Saturday, July 19, 2008


How the mighty are fallen

Thanks to Karate Kid (Best Kid to those of us who live in a country where Karate is no laughing matter), the Japanese suffix -san is known to all and sundry. Naturally, I heard no shortage of "Daniel-san" at secondary school and I can even boast a Coventry City shirt with the same printed on the back, courtesy of the SBA.

Less well known in the west are the other suffixes. Whilst -san is a nice generic marker (Mr/Mrs/Miss/Ms: delete as applicable), it would be the height of bad form to call someone a -san when their social rank demands otherwise. I caught Machida-sensei referring to me as Dan-san in front of the students once and I gave him A Look. After that, it was Dan-sensei all the way.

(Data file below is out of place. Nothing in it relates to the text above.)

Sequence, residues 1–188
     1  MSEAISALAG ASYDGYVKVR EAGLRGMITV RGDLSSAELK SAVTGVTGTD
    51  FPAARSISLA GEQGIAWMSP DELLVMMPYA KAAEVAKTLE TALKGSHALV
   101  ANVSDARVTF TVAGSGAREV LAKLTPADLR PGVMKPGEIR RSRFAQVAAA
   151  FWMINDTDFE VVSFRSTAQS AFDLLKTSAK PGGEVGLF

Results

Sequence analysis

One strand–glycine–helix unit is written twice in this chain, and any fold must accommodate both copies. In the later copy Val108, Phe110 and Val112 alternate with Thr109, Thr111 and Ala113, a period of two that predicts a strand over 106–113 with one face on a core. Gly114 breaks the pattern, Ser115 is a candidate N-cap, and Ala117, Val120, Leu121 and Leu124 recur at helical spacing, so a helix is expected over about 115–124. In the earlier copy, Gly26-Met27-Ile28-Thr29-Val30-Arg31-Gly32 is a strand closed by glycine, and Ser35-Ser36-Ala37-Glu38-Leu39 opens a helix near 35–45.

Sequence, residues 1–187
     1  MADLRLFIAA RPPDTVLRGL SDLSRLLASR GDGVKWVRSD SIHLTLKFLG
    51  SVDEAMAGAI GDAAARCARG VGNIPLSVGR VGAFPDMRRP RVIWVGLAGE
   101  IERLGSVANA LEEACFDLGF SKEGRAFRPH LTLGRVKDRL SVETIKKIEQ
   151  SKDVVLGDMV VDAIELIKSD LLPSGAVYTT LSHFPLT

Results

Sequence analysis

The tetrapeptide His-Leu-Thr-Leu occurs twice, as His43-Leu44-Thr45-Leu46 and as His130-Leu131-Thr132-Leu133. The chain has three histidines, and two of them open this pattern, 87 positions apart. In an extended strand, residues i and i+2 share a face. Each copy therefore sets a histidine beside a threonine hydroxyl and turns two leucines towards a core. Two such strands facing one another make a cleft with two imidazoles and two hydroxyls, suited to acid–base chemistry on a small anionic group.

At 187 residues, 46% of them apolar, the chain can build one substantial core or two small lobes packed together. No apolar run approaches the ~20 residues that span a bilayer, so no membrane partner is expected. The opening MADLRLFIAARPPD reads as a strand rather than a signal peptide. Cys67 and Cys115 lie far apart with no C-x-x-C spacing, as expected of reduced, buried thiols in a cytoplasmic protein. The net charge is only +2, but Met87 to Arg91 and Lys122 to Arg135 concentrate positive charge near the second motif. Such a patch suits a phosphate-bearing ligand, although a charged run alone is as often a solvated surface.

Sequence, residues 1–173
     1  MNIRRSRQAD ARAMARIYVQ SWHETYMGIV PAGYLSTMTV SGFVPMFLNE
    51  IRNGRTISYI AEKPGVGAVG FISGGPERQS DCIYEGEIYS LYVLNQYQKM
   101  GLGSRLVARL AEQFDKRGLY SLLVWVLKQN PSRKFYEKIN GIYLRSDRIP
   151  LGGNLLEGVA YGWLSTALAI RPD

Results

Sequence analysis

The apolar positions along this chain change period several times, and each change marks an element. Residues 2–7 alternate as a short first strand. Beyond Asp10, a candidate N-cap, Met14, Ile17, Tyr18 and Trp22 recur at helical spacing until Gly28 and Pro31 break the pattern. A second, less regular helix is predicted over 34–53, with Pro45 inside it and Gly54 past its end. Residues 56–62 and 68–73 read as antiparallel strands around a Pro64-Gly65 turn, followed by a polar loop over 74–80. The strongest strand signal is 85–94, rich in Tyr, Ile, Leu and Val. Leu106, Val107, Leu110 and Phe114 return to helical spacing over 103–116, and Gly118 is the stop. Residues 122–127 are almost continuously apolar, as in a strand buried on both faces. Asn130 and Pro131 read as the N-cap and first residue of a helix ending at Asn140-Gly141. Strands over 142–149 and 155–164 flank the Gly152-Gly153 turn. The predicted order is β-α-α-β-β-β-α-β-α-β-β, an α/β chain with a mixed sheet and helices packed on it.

Not that I consider myself a sensei, but the "give an inch, take a mile" rule is poignantly applicable in the case of junior high students, and it's a short step from the teachers calling me Dan-san to the third years calling me Dan-kun and owning me in the toilets.

At elementary school, I sidestepped the whole tortuous business by insisting that everyone just call me Dan.

Anyway, for those who can't resist a bit of schadenfraude, here's a nice few examples of suffixes relating to AVON'S erstwhile president Nozom Sahashi:

Sahashi-company-president: used in the newspapers until about November last year.

Sahashi-ex-company-president, used after AVON's collapse, then followed by...

Sahashi-suspect (lit: "suspicious person"), which really brightened up my day the first time I read it in the newspaper, but has since escalated to:


I look forward to the day when I can open up the Mainichi and see the kanji for Sahashi-jailbird.

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